>>If you calculate det(<>-l*<>) for an n-by-n matrix <>, you >>will get a degree-n polynomial in l; generally you'll be expected to >>deal with 2-by-2 matrices, so this polynomial is just a quadratic. The >>solutions of this polynomial are your eigenvalues.
> Thanks, Grey Knight. I've got that part down.
>>The eigenvectors >>can then be found by solving the problem <> <x_i> = l_i <x_i>; that >>is (<> - l_i<>)<x_i> = <0>
> This is the part I don't get. I'm sorry but your notation loses me. I see the > "<>", and I think "dot product".
> We find the eigenvalues by solving matrix A....det (A-[lambda]*I ), where I is > the identity matrix.
What Gary is saying is this.... Suppose that A is a 2 by 2 matrix
(a b) (c d)
and then lambda is the eigenvalue. You should then solve for x1 and x2 in
(a-lambda b ) (x1) = (0) (c d-lambda) (x2) (0)
Although there are two equations here, one of them is redundant. So you can just solve either one... Since you have one equation, two unknowns, there can be infinite solutions on x1 and x2. For simplicity, just pick x1=1 and try to solve x2. If you can solve it, then you are done, after you normalize the eigenvectors to norm one. If you get contradiction by assuming x1=1, then x1 should be 0.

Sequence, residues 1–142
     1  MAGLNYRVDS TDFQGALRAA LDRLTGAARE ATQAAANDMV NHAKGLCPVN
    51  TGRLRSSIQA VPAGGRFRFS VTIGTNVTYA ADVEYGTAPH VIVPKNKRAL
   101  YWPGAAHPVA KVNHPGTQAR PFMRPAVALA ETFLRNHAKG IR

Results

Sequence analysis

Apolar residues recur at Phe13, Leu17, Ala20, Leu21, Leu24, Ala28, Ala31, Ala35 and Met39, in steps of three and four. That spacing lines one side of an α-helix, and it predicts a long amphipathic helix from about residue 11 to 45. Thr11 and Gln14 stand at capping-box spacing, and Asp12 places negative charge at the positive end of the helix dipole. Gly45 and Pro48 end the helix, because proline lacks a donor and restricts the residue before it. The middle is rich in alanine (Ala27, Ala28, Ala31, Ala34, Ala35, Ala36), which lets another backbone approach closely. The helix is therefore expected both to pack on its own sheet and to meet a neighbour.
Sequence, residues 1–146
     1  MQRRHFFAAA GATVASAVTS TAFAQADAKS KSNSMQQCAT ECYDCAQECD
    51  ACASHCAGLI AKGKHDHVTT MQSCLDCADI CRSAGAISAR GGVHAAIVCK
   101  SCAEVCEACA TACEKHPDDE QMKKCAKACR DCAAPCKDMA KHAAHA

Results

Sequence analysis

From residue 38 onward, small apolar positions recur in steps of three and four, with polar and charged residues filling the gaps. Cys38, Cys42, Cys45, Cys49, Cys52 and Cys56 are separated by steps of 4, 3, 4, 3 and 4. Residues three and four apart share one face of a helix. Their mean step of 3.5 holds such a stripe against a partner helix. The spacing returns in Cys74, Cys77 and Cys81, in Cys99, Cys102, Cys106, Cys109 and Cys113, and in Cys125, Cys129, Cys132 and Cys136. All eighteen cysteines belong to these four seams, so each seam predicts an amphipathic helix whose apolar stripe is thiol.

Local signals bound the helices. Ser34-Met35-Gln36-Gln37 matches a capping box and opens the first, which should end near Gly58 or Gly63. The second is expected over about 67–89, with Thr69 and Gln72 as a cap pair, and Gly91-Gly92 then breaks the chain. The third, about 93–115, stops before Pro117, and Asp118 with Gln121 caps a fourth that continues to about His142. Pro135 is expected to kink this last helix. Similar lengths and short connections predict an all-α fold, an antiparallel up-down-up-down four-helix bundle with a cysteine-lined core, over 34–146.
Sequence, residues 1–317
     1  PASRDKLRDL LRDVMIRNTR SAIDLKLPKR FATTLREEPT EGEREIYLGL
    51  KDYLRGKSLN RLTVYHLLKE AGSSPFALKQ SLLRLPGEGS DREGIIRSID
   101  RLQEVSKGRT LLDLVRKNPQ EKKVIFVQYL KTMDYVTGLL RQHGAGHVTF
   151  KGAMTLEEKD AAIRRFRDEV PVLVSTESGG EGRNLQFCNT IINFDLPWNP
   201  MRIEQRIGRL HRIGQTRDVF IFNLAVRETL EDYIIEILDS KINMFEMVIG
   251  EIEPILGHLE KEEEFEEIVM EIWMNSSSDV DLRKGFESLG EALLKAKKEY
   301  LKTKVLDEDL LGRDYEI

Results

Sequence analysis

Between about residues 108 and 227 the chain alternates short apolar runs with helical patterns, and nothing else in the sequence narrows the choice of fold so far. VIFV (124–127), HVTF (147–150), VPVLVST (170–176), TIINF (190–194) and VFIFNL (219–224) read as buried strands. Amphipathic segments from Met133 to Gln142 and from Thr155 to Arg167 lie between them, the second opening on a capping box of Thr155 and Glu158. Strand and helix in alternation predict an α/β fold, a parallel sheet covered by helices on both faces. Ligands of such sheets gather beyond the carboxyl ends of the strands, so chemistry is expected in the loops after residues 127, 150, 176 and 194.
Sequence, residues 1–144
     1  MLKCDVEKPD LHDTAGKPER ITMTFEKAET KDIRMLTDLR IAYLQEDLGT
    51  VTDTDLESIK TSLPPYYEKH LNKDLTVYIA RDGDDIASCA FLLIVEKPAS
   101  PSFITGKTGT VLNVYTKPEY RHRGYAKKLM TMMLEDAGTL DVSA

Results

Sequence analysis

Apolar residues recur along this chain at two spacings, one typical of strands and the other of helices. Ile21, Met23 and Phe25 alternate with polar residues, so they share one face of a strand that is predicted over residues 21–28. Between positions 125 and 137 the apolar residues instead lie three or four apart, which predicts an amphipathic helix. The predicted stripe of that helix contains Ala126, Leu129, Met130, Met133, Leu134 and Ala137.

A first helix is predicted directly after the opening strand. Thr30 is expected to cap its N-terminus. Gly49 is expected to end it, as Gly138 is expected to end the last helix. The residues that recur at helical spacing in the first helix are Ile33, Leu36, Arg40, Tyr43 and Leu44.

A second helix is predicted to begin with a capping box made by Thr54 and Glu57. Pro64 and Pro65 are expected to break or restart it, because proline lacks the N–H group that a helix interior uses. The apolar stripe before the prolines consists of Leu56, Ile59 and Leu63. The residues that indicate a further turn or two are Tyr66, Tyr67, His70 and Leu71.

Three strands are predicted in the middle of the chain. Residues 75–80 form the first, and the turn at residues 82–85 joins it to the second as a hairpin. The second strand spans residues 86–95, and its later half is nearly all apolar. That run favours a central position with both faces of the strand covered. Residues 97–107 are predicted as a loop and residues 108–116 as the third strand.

>>Two matrices are similar iff >> <> = <<X>> <> <<X'>>
> OK. So I = X*I*X'. So, X' is any matrix that when multiplied by X gives the > identity element as well?
Actually... I think there is a mistake here.
A n by n matrix X is similar to a n by n Y if you can find a n by n matrix T such that
X = T * Y * inv(T)
where inv(T) denotes the inverse of T, inv(T) * T = I
Inverse and transpose are two different concepts
If A is
1 2 3 4
then A' (A transpose) is
1 3 2 4
and A inverse is
( 4 -3 ) ( -2 1 ) / (-2)
> What's the difference between A transpose and A inverse? A specific example(s) > would help. I'd love to test my skills.